is found in the tympanic membrane (eardrum) as a single layer of cells or in the free skin surface in multiple layers.
Figure 3-5.Cuboidal epithelial tissue.
c. Cuboidal. This is both a secretory and protective tissue whose cells are cubical (fig. 3-5). It is found in the more highly specialized organs of the body, such as the ovary and the kidney.
2. CONNECTIVE. This is the supporting tissue of the various structures of the body. It has many variations and is the most widespread tissue of the body. It is highly vascular, surrounds other cells, encases in- ternal organs, sheathes muscles, wraps bones, encloses joints, and provides the supporting framework of the body. Struc- tures of connective tissue differ widely, ranging from delicate tissue-paper mem- branes to strong cords and rigid bones. Connective tissue is composed of few cells and large amounts of intracellular material; the reverse is true of epithelial tissue. Some of the more predominant types of connec- tive tissues are:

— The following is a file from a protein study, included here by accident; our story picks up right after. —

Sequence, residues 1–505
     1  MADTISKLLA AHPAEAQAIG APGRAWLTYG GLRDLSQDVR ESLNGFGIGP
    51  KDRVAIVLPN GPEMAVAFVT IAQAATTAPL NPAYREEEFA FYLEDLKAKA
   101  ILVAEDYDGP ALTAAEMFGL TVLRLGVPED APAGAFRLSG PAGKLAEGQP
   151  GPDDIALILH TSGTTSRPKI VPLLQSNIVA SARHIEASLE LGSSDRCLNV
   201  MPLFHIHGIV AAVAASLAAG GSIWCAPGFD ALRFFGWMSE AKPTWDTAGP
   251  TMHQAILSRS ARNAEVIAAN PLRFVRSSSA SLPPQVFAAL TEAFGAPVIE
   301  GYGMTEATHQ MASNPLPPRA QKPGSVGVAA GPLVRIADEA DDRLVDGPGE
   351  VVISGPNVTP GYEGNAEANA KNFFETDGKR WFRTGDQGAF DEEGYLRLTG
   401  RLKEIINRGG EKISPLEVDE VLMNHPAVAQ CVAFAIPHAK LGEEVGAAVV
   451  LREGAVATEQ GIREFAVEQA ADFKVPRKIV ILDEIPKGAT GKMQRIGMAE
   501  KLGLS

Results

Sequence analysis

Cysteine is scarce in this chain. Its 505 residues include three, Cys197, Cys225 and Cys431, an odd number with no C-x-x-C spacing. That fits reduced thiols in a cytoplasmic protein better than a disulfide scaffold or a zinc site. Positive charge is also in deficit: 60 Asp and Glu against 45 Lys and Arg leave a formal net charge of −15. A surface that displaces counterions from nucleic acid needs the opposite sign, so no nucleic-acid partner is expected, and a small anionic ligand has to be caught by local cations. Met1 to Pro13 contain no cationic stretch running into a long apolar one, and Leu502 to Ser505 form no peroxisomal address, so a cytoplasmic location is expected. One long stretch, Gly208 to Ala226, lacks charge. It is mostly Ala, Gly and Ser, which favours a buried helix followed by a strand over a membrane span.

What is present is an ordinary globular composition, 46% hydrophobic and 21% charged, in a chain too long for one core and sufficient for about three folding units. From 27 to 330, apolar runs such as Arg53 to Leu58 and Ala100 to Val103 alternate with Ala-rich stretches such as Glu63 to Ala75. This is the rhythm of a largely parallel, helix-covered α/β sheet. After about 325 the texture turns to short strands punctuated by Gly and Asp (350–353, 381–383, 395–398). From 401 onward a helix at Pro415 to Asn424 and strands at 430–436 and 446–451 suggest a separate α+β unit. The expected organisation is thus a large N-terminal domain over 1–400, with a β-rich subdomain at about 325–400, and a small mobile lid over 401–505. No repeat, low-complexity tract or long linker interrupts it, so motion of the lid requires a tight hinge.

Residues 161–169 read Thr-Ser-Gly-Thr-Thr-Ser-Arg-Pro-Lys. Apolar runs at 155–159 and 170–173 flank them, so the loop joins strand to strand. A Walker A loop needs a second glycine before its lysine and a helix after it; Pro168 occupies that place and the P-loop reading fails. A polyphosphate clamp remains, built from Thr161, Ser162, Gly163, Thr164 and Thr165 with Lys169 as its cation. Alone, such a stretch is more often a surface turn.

a. Areolar. This tissue connects the various tissues of the organs. It is con- tinuous throughout the body. Nerves, blood, and lymph vessels are found in this tissue (fig. 3-6).
Figure 3-6.Areolar connective tissue.
b. Adipose. This tissue is generally called fatty tissue. It acts as a reservoir for energy-producing foods; helps to reduce body heat loss because of its poor heat conductivity; and serves as support for various organs and fragile structures, such as the kidneys, blood vessels, and nerves.
c. Osseous. This type is a dense fibrous connective tissue that forms tendons, ligaments, cartilage, and bone (fig. 3-7). These tissues form the supporting framework of the body.
Figure 3-7.Osseous (bone) tissue.